I probably don't need to convince you that Martin Luther King Jr., who was assassinated 42 years ago this month, was a good person. We take a whole day off in honor of his birthday. We teach our kids about the “I Have a Dream” speech and the march on Washington. There's a street named after him in nearly every major American city. We know that he wanted us to judge people not on the color of their skin, but by the content of their character, and we can all pretty much agree that that was a good thing to say. A poll from last year showed that 86 percent of Americans had a “favorable” opinion of King, a number that seems shocking low—who are the 14 percent of people who don't like MLK?
There's a movement to build a monument to King in Washington DC, which is something that we might have thought to do a while ago—with all the memorials to wars and fallen soldiers and founding fathers who were also slave owners, there isn't a single monument that references segregation. Just as importantly, maybe the monument will encourage people to find out more about the man. We're not in danger of forgetting about MLK, but there has been a sort of smoothing out of his beliefs in the popular imagination. When people think about King, what comes to mind is sort of a warm, soft glow of brotherhood, a suffusion of hopeful idealism. Worse than that, as time goes on, some of us may start thinking about him as someone who opposed segregation in the South, winning that battle but dying in the process.
Liberals who lionize him tend to forget that he was, most importantly, a Christian, and that his Christian beliefs informed his activism; Republicans who praise him (sometimes, one suspects, to prove that they aren't racist) tend to forget that he was decidedly a liberal; and we all tend to forget that while he lived, King was an extremely divisive figure who wasn't as popular as he is now. A lot of us (especially white liberals) imagine that we would be participating in sit-ins and marches, that we would be “freedom riders” and stand up to the racist southern sheriffs and their dogs, but not many people made that difficult choice at the time. King might have been an idealist, he might have believed in nonviolence, but we should remember that he was willing to go to jail for his ideals, he was willing to have dogs sicced on him and rocks thrown at him for his cause, and to follow him and do what he did was a hard road to travel.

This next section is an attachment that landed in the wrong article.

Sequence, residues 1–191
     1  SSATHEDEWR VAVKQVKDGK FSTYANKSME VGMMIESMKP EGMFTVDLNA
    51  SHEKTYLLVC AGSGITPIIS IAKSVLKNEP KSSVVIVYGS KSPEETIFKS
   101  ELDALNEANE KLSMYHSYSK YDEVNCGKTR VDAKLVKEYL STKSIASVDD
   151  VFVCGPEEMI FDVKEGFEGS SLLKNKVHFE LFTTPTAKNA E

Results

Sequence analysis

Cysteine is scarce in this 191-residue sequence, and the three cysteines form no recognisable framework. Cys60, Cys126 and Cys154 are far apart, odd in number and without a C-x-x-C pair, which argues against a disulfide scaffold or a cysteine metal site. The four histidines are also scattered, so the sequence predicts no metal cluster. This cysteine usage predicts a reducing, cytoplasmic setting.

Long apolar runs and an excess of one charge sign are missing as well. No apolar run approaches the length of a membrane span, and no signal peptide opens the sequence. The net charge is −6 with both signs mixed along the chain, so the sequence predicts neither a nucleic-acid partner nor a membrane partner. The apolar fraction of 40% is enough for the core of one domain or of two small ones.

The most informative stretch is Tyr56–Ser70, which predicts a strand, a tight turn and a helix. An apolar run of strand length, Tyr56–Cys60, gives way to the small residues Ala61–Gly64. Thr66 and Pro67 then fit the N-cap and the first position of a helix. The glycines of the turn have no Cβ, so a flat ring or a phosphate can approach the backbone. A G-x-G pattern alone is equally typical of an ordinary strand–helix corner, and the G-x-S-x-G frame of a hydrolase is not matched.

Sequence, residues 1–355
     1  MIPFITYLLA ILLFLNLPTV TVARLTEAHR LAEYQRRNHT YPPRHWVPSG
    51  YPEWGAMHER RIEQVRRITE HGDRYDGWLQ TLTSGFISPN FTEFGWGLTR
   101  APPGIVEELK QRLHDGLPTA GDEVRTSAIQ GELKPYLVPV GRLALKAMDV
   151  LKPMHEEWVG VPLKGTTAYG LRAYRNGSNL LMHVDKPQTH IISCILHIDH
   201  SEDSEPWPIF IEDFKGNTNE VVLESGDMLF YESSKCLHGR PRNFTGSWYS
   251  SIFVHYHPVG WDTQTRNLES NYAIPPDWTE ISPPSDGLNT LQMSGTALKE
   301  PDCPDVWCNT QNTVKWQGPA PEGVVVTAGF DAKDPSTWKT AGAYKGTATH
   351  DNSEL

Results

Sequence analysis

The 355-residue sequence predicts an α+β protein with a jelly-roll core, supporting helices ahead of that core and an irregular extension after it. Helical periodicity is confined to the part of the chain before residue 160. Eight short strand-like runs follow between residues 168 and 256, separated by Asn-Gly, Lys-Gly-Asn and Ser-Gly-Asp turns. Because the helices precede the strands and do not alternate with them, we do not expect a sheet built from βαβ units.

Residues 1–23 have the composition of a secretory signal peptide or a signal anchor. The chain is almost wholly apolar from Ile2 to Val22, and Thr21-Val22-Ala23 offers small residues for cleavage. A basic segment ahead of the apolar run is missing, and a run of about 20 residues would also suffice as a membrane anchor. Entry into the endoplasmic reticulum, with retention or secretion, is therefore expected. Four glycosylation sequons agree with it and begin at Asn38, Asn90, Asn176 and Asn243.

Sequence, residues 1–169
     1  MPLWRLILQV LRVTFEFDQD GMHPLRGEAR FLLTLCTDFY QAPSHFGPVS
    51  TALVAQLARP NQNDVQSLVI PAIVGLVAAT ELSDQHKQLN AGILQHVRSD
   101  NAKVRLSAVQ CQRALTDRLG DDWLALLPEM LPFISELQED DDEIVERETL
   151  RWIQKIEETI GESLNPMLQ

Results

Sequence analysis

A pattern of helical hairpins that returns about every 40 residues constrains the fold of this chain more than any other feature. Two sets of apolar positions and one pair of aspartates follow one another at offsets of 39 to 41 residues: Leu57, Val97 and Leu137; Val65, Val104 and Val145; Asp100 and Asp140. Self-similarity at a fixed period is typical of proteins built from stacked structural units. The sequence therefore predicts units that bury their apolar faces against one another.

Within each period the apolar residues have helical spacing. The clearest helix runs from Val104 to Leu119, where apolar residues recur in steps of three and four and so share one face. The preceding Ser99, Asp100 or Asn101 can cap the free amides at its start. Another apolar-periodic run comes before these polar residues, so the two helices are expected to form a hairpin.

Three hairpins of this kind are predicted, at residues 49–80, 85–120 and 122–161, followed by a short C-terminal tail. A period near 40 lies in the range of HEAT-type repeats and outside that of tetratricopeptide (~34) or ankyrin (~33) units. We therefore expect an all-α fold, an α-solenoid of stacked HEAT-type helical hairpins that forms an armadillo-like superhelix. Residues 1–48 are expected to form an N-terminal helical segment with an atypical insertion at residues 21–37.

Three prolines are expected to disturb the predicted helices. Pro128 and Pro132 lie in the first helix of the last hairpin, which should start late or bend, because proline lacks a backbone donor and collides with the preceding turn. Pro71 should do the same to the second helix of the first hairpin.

We should remember, too, that he was committed to fighting all kinds of injustice, not just segregation in the South. The “I Have a Dream Speech” gets attention every January, but what about the speech where he denounced the Vietnam war and refered to the Vietcong as “brothers?” What about his campaign to fight poverty in Chicago, for which he moved into a tenement slum and where he found some of the most vicious, violent racism he ever encountered? What about the last cause he was involved in, the garbage workers' strike in Memphis? To reduce MLK's life to a campaign against Jim Crow is an unfair reduction and worse than that, it implies that the problems he fought are a thing of the past. What would King say about the recent
Teaching kids about King's life and work is important, but let's not stop at “all men are brothers.” Let's use King's life to teach that, among other things:
-Authority figures, even and especially the police, the church, and America itself can be wrong.
-“A nation that continues year after year to spend more money on military defense than on programs of social uplift is approaching spiritual doom.”
-Sometimes it's possible to change an unjust status quo, sometimes it isn't, but it's your responsibility to change things.
-"The question is not whether we will be extremists, but what kind of extremists we will be."
-Dreams are good to have, but you don't get things done by dreaming.
(To learn more about the MLK memorial and to donate to it's construction, go here.)